After I left the retreat I had lots to work on and thought I could work through what I had discovered, but within a few weeks’ things got worse to the point where I was using food to self-medicate again. I had unlocked a pandora’s box of emotions and I really didn’t have any clue on how to fix it. But help was never too far away – I called Kate who I had meet at the WLS retreat. I felt I had made a good connection with her and she was someone safe. I needed someone who I could trust and teach me to be vulnerable as I really didn’t know how to do that.
Kate & I began working together and I started unpacking my life, my values, family and the past. One of the key things I wanted to try and work on was becoming more selfless and having boundaries, as I lived a lot of the time not caring for myself. It took me quite a while to work through some of this stuff and I think when I reflect on this, I know this is going to need continued work for the rest of my life. I started learning how to stay in my own business as ‘Bryon Katie’ talks about. She talks about three kinds of businesses – Mine, Yours & Gods (which are things that are outside of our control). Getting my head around this was quite a challenge as I discovered I seemed to live a lot of the time in other people’s business. I was always worrying about what others thought of me, did they like me, did I say the right thing, are they upset because of something I did, the list could go on. But over time I slowly, and I have to say SLOWLY, “got this” and I started living in my own business and not worrying about what others thought. I find myself talking a lot to ‘me’ and this helps me check in with myself to make sure I am just in my own business – always asking myself questions – is this about me or them? For me, doing this has freed me from always worrying about what others think and life is a lot less stressful.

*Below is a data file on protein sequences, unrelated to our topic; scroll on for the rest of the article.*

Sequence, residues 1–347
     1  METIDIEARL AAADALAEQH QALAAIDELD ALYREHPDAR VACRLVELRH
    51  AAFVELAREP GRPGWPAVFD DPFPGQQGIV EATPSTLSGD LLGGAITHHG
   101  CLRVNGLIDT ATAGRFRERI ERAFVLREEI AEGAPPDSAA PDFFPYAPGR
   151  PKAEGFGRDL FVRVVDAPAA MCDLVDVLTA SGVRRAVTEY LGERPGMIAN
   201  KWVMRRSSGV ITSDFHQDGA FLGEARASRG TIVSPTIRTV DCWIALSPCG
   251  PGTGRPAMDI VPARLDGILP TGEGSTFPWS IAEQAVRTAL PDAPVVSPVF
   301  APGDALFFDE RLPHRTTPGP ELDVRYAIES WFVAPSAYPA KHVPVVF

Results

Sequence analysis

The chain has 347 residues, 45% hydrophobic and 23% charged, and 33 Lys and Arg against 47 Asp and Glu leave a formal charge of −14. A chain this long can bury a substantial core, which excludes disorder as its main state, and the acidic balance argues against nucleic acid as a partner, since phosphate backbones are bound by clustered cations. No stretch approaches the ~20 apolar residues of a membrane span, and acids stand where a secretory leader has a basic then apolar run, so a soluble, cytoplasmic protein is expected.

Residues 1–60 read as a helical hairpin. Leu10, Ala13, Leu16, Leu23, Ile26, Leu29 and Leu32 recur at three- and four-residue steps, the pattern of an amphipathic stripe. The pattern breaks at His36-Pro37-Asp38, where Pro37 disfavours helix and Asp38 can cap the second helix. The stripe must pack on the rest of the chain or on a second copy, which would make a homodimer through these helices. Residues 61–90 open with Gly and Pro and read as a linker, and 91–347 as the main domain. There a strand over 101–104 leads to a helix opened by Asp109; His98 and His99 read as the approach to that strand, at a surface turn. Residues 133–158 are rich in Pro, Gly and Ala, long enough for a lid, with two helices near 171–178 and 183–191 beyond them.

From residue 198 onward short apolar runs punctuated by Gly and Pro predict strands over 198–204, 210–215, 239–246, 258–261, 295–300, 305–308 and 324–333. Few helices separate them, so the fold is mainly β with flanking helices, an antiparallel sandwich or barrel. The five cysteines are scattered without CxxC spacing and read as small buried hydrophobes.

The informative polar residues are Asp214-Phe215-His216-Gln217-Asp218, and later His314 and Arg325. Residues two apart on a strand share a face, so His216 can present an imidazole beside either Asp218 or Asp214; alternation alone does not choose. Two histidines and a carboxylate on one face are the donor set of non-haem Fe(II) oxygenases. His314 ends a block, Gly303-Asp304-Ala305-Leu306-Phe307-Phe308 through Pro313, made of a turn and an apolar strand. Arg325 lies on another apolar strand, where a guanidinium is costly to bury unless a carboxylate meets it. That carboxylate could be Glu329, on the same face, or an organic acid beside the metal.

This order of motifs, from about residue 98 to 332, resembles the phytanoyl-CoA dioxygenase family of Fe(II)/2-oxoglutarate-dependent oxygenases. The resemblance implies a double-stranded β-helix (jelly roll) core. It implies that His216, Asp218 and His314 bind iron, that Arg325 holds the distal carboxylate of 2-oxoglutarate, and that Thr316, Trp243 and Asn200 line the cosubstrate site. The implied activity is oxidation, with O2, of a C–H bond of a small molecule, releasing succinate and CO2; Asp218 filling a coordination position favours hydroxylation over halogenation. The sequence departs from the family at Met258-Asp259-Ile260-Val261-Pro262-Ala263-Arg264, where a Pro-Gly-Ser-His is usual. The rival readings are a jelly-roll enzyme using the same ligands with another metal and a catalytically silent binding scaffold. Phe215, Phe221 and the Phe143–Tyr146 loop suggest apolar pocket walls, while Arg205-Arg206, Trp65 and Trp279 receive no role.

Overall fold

A month and a half after I started working with Kate, another stumbling block came my way. I had just started exercising again and feeling better about me, as I was actively doing stuff to help me, when I broke my ankle followed by one week later, my husband becoming very sick. It was a tough period but I was able to use this time to continue to work on me (instead of in the past I would have become the victim) and I used some of my new skills to come out the other side and not be as damaged as I had in the past.
During this time, I started making some big decisions, became extremely brave and I went to Rockhampton, Australia for two months to work as a midwife in one of their hospitals. This was a huge challenge, but also a period of great self-discovery about what I was capable of (as I had never done anything like this before). I had never done anything on my own, let alone be away from my family. I really had to put those new-found skills into practice! I discovered that I was able to be more confident and for the first time ever, I really believed that I was capable of much more. I found that I had this inner strength I never really knew I had – it was rewarding and brought me a confidence that I had never experienced.